THE showpiece decision of the Brics summit, the five-nation gathering of leading developing nations taking place in Durban, is the creation of a new development bank.
How important is this decision and how useful will the bank turn out to be?
The biggest problem with the concept is that it appears to emanate as much out of a desire to rival the World Bank as a desire for a trade-boosting, infrastructure-supporting entity. In a sense, it’s rooted in ideology rather than practicality. And that ideological decision is rooted in a statist approach to development, rather than a market-related approach. Hence the question becomes: can a development bank established to replace what its participants view as the Washington Consensus with the Beijing Consensus really work?
This is a different question to the technical one of whether development banks are desirable. In broad terms, they are. There are a host of examples of successful development banks, and by some estimates there are nine already operating in South Africa, including the Development Bank of Southern Africa and the African Development Bank.
The argument against the Brics Development Bank, or BDB as it is likely to be called, is really that development finance in South Africa, and in Africa for that matter, is not the key problem. The problem is bringing workable, bankable projects to fruition. South Africa already has a well-developed financial sector, and good projects with good prospects are usually able to attract capital.
The problem is that capital provision is only one aspect of any enterprise. The more important commodity is a positive business environment, including regulatory ease and certainty, labour stability and modest taxation. All of these generally require not only a pro-business mentality but a pro-market mentality. That mentality exists but in a muted and circumscribed way in most of the Brics countries.
The Chinese in particular might argue that they have a different route, that of state-dictated economic growth. The South African government seems enamoured of this approach, which its supporters describe as "the developmental state". Yet the differences between the two countries are so enormous, comparison verges on the absurd.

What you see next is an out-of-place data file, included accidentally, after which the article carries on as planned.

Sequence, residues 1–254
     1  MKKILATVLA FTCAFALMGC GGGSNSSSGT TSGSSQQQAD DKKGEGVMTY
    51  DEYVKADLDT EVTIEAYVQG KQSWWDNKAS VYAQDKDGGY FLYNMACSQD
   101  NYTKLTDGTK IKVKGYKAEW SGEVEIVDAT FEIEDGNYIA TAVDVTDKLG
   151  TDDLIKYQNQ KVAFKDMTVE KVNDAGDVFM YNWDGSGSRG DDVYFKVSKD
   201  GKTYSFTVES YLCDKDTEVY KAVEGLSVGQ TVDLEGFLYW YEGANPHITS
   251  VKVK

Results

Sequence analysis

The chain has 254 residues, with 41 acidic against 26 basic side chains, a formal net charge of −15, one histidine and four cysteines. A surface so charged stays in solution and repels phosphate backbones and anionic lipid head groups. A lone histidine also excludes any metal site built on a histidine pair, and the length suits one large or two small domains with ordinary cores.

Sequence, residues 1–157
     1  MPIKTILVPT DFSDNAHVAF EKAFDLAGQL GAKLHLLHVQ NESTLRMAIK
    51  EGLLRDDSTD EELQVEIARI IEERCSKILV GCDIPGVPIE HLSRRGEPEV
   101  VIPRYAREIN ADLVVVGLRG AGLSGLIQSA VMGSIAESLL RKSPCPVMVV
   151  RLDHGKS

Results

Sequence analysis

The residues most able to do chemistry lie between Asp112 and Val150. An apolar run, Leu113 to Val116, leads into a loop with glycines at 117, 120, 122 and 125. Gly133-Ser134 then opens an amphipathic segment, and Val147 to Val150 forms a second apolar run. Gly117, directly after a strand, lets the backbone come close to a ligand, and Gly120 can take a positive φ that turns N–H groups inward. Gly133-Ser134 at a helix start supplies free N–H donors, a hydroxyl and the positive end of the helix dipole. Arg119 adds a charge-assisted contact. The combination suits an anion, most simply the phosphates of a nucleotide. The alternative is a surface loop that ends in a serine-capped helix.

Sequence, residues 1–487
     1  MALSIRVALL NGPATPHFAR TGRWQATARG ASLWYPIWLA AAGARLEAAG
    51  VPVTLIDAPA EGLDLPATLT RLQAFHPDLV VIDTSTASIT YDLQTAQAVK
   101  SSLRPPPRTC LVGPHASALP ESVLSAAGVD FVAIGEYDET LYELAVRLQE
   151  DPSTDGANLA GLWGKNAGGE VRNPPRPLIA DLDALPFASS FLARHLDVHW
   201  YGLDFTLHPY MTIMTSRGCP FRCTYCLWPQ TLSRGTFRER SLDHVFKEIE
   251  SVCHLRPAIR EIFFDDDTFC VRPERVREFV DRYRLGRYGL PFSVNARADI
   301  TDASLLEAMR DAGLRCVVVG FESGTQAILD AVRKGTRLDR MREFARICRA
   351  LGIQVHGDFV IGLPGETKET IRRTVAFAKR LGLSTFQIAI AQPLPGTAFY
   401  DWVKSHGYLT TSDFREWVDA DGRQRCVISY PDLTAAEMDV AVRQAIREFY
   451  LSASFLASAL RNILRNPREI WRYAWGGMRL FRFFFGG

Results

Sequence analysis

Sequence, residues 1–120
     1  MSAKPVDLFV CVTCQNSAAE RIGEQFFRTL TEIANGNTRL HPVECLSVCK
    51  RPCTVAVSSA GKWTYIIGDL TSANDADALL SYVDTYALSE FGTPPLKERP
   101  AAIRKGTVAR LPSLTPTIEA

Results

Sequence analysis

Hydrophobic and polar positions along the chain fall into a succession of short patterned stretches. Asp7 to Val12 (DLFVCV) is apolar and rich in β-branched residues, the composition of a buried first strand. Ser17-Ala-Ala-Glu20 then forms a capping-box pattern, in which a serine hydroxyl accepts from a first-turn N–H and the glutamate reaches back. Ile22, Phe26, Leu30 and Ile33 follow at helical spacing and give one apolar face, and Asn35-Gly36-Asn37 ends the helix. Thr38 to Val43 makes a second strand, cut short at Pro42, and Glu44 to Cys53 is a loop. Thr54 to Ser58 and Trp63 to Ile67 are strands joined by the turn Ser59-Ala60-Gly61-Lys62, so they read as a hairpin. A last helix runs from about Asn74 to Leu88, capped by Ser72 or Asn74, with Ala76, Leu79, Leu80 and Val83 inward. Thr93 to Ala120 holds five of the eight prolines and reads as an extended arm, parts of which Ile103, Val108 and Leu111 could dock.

It is possible to level some other critiques at the bank, too.
The five nations involved have all pledged to capitalise the bank with $10bn each as a start, but this does not make for much of a bank.
By comparison, the World Bank grants loans of between $30bn and $40bn a year. China’s export-import bank, the Exim Bank of China, is estimated to grant more loans on its own than the World Bank does.
What’s more, it is significant that all participants are contributing equally, despite the great difference in the size of the economies of the different countries. Presumably, this is dictated by the political necessity of ensuring that no country is seen to be dominating. The consequence, however, is that the bank will be constrained by the speed at which the smallest country — that would be South Africa — can run.
That argument in favour of the bank is really that it cements the foundations of the institution. It allows the participants to deflect the claim that the Brics grouping is a "talk shop", and demonstrates some practical utility.
For South Africa, this is important. The country has managed to engineer a way into the organisation despite being way out of the frame economically, on the basis that its presence is symbolic of continental participation. It’s therefore crucial that South Africa is able to deliver on that implied promise and become a true gateway into Africa.
Being part of a well-capitalised, professionally run, practically orientated bank could help in that process. But there is lots of ground to cover before it can be demonstrated that this is what will eventuate here.